Academic journal article Southeastern Geographer

Gated Communities and Housing Projects: The Control of Public Space in San Juan

Academic journal article Southeastern Geographer

Gated Communities and Housing Projects: The Control of Public Space in San Juan

Article excerpt

This paper studies two specific ways in which gated communities are created and regulated in Puerto Rico. Through a series of restrictive urban planning public policies, access to spaces that were thought of as public were transformed in ways that still affect the flow of people in urban areas, particularly the San Juan Metropolitan Area. These policies and the particularities of building gated communities in Puerto Rico will be analyzed, as well as the patterns of privatization of public spaces in the Island. An interpretation of how the conceptions of public and private spaces informed these policies in a Caribbean setting and its effects on social polarization will be part of the discussion. The different effects these planning policies have on the spaces occupied by the low income sector of the population will be compared to the effects on those people in the middle to upper classes.

Este articulo estudia dos maneras especificas en las que estan creadas y reguladas las urbanizaciones cerradas con acceso controlado en Puerto Rico. A traves de una serie de politicas publicas restrictivas de planificacion urbana, el acceso a espacios que se consideraban publicos fue transformado en maneras que afectan el flujo de personas en las areas urbanas, particularmente en el area metropolitana de San Juan. Esas politicas y particularidades en la construccion de comunidades cerradas en Puerto Rico, asi como los patrones de privatizacion de los espacios publicos en la isla, seran analizadas. Una interpretacion de como la concepcion de los espacios publicos y privados explican estas politicas en un entorno caribeno y sus efectos en la polarizaron social, sera parte de la discusion. Los diferentes efectos que estas politicas de planificacion tienen en los espacios ocupados por sectores de mas bajos recursas de la poblacion seran comparados con los efectos en personas en las clases medias y mas altas.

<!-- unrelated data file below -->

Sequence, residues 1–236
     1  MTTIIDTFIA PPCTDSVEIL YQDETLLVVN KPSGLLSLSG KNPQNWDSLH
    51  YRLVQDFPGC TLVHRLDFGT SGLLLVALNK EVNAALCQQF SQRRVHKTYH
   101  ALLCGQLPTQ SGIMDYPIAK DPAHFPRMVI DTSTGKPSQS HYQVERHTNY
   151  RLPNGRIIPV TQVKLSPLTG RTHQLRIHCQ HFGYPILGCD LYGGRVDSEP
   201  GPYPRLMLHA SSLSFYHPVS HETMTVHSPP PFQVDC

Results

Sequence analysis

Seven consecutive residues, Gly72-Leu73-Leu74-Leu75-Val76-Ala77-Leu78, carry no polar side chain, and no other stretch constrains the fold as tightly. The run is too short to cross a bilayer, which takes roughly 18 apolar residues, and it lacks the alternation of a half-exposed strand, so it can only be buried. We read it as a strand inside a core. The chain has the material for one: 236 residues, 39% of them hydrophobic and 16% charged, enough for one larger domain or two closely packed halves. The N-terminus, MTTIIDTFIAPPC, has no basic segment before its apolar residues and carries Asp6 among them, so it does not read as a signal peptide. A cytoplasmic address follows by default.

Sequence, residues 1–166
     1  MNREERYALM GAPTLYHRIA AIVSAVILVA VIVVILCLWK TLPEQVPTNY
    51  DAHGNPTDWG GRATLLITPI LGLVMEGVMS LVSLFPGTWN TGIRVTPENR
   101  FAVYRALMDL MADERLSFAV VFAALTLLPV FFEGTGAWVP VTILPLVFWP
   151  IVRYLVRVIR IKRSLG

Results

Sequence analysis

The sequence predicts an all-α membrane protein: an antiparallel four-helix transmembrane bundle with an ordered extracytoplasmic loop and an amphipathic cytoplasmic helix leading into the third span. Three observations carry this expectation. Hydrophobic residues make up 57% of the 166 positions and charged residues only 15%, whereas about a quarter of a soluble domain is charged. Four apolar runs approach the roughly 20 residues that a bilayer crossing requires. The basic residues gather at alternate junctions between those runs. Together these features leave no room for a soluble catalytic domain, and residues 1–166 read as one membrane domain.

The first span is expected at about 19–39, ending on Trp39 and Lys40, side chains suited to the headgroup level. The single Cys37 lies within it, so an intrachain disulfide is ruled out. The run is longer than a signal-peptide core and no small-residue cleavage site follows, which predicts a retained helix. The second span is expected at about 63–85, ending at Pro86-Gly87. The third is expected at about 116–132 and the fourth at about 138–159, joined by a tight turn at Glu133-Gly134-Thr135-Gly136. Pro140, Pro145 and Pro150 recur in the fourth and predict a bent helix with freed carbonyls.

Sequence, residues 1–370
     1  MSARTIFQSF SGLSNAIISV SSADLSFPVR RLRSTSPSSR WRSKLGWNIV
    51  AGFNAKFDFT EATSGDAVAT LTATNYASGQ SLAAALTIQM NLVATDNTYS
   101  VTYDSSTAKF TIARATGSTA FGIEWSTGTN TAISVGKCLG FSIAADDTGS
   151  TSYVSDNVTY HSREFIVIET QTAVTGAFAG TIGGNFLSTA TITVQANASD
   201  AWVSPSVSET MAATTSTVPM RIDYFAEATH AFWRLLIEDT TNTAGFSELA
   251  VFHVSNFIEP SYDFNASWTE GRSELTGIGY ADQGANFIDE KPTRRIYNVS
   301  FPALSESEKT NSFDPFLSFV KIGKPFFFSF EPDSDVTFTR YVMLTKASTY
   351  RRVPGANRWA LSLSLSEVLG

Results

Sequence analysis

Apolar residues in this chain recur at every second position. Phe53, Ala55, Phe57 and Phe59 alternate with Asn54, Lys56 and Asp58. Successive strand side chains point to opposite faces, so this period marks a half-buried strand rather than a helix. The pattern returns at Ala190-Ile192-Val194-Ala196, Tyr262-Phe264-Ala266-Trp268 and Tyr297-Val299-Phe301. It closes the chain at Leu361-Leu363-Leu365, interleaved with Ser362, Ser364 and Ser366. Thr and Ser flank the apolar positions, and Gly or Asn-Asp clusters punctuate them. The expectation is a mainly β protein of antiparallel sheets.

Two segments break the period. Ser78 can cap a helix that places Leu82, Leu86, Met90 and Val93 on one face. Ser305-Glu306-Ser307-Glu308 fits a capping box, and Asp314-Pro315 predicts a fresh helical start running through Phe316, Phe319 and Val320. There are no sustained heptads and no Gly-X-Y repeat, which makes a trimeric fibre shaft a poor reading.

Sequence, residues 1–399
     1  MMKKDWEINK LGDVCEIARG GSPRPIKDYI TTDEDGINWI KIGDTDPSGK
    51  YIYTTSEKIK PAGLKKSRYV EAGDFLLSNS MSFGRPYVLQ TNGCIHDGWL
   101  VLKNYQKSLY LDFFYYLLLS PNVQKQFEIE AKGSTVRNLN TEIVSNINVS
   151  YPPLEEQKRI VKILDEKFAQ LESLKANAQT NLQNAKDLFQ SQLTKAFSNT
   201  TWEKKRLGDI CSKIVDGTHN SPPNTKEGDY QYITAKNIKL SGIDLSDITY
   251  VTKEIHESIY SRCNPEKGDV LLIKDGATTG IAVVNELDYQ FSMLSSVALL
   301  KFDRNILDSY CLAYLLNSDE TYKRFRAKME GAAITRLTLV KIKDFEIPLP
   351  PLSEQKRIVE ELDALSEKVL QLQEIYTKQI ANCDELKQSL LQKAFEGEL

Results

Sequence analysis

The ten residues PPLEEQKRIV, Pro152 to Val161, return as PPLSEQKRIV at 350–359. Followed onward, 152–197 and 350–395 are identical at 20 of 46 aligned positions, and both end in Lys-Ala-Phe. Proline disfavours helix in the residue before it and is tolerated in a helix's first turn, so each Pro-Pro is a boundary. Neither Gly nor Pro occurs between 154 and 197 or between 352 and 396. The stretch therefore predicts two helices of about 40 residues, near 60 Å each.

KEY WORDS: Puerto Rico, gated communities, public housing, urban geography, social polarization

INTRODUCTION

During the last decade of the 20th century those of us who were living in Puerto Rico at the time were able to experience changes in the perception of what public space is, or at least of what it should be. Through a series of restrictive public policies regarding urban planning, access to spaces that were thought of as public were transformed in ways that still affect the flow of people in urban areas, particularly the San Juan Metropolitan Area. More importantly these policies, although aimed at different types of public spaces, were evidently designed at maintaining the lower income sector of the population away from those spaces claimed by the people in the middle to upper classes.

This paper deals with two specific ways in which gated communities are created and regulated in Puerto Rico. As much of the literature about gated communities suggest, the creation of these kind of spaces are usually ways in which one sector of the population excludes another from what they consider "their" rightful space due to fear, prejudice or mere convenience (Davis 1990; Smith 1997; Low 2003). The situation in San Juan was not much different with regards to the motivations for these policies, yet there were two particular ways in which spaces were controlled that greatly differ from the gated community-by-design that is more common in places such as the United States.

The two policies that will be the focus of this paper are: 1) the gating of communities that were not designed as gated communities when they were built; and 2) the gating of public housing projects through the use of police and military force. As the reader will find out, these two policies were not working independently, on the contrary, they were complementary and they both had the aim of keeping the poorer sectors away from the spaces claimed by the more affluent ones. A brief analysis of these two policies and the particularities of retrofitting existing communities with gates in Puerto Rico will follow, as well as an analysis of privatization of public space in the Island and a brief interpretation of how the conception of public and private spaces informed these policies in a Caribbean setting. …

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